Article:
Cuban Foreign Minister Calls to Stop U.S. Irresponsibility, Nonsense toward Cuba
By Jorge Coromina
With the breaking news that the U.S. Treasury Department updated the list of restricted Cuban entities that are allowed to do business with American companies, the Cuban Foreign Ministry on Thursday condemned the new measures against Cuba announced last week by the administration of President Donald Trump.
In a press conference with national and foreign media stationed on the island, the Minister of Foreign Affairs of Cuba, Bruno Rodríguez Parilla, called on the international community to stop the escalation of Washington's policy towards the island and throughout Latin America.
In the Cuban foreign minister opinion, U.S. policy toward Latin America, especially regarding Cuba, is right now "hijacked by a handful of characters with poor qualifications and with many dysfunctions when making decisions" that are causing a clear setback of everything achieved by President Barack Obama as of December 2014.
The list of the Department of the Treasury, which at the moment totals 219 Cuban entities that cannot do business with American companies, is now joined by Aerogaviota airline, as well as the Santa Isabel , El Caney Varadero and Meliá Marina Varadero Apartment hotels, in addition to the Marina Gaviota Diving Center, all linked to tourism, a strategically key sector to the economic development of Cuba and an effective tool to overcome the isolation that the Trump administration intends to promote.
“The desire to restrict the already-limited freedom of travel of U.S. citizens to the banned destination of Cuba, has not been made taking into account the opinion of American voters, in particular of the 650,000 American citizens who visited our country in 2018, nor the half a million Cubans living in that country who also visited their homeland,” said the Foreign Minister of Cuba during his press conference at the Chancellery headquarters.
Mr. Rodríguez Parrilla also referred to the restrictions on remittances sent by Cuban-Americans to their relatives on the island, which as of May will be subject to a limit of just $1,000 quarterly. He said that such measure not only hurts the interests and the income of the Cuban people, but it seriously harms the self-employed sector of the Cuban economy.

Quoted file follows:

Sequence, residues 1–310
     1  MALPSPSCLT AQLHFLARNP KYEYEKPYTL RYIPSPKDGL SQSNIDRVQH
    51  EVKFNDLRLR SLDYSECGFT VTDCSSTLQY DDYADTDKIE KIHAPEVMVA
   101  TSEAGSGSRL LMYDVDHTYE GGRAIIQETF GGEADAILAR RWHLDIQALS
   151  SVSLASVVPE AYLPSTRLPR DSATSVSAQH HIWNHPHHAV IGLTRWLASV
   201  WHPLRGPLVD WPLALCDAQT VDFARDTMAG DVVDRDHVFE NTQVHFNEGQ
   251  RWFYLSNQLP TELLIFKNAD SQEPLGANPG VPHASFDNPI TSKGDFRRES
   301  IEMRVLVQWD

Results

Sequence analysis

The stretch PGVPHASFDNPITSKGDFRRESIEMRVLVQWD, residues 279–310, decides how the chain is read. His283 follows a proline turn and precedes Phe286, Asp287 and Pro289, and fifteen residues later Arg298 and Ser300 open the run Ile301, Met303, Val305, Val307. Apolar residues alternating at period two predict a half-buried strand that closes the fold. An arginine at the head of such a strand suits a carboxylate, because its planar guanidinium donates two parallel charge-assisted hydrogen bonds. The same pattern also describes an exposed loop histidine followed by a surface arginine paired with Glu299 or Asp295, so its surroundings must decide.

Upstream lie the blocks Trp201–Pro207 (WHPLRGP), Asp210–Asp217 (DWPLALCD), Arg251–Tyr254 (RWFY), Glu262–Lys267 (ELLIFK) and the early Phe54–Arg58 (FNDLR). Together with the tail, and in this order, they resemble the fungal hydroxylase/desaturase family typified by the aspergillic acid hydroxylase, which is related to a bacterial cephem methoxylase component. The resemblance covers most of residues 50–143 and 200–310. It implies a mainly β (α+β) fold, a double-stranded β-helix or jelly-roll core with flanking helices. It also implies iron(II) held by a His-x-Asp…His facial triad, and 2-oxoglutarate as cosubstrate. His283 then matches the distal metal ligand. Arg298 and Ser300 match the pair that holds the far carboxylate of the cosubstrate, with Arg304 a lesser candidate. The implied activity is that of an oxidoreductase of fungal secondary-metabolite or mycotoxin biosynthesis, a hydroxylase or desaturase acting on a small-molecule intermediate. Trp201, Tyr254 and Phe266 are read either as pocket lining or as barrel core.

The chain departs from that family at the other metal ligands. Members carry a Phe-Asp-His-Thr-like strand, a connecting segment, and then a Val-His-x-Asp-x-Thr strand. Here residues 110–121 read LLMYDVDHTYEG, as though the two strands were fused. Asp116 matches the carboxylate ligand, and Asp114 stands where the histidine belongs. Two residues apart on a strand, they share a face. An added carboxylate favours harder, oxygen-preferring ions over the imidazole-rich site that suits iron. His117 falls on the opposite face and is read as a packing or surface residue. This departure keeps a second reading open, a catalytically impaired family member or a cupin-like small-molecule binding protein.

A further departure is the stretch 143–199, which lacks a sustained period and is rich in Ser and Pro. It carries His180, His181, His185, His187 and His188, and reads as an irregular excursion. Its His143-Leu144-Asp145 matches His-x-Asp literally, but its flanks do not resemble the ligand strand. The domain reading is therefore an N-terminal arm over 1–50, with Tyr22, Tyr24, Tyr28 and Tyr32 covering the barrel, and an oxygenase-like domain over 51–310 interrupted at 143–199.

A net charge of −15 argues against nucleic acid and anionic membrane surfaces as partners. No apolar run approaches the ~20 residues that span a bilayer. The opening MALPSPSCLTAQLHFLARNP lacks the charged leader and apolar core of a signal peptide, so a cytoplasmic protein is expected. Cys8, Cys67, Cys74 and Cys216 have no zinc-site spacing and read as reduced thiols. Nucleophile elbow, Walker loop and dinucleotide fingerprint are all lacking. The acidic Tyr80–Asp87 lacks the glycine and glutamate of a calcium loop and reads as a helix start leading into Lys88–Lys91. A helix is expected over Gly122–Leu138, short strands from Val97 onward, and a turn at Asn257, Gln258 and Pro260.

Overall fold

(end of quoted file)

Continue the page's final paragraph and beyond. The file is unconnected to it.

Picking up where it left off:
“I call on the international community to stop this foolishness and irresponsibility. You must act before it is too late. This dangerous escalation must be stopped for the good of the peoples of Cuba, the United States, the region and all the people of the planet,” said Bruno Rodríguez Parrilla in another part of his speech.
Cuba, concluded the Cuban foreign minister, awaits the action of the General Assembly of the United Nations, the World Trade Organization and other multilateral bodies against the new measures against the island.
Spain, as Cuba’s top investor in the travel and tourism industry, and Canada, as the island nation’s largest outbound market, have already spoken out against the tightening of the U.S. blockade on the island.
According to a statement issued by the Spanish Ministry of Foreign Affairs, Josep Borrell conveyed in Washington his “concern” after the activation of Title III of the Helms-Burton Act, which would allow US citizens, including naturalized Cubans, to file lawsuits in U.S. courts against companies that are allegedly benefiting from properties in Cuba that were expropriated after the 1959 Revolution.
Since its approval in 1996, that provision has been called off by all U.S. administrations every six months, but the government of Donald Trump already announced recently that this title will be fully activated from next May 2.
The note from the Spanish Ministry of Foreign Affairs adds that Madrid is opposed to the enforcement of Title III for a “reason of principle”, but also because it could have “negative consequences” for the interests of the European Union in Cuba, in particular for Spanish companies that, like the Melia and NH Hotels hotel groups, operate on the island.
Spanish hotel chain Melia International has already gone out to bat for its operations in Cuba by denouncing the tightening of the economic sanctions imposed by the United States against the Caribbean nation.
After lamenting the “uncertainty and legal turmoil created by the announcement to lift the suspension”, Melia Hotels International stated that the measure does not imply “any substantial change” of its operations on the Caribbean island.
“Melia it operates legitimately in Cuba and in other 44 countries, having carried out an impeccable, professional and responsible management for 30 years in the Caribbean nation, an exceptional destination that must remain open to international tourism,” the Melia press release reads.
The Majorca-based hotel group thanked “the strong support and reaction promoted by the Government of Spain and the European Commission to foreign companies affected by a law that is considered extraterritorial.”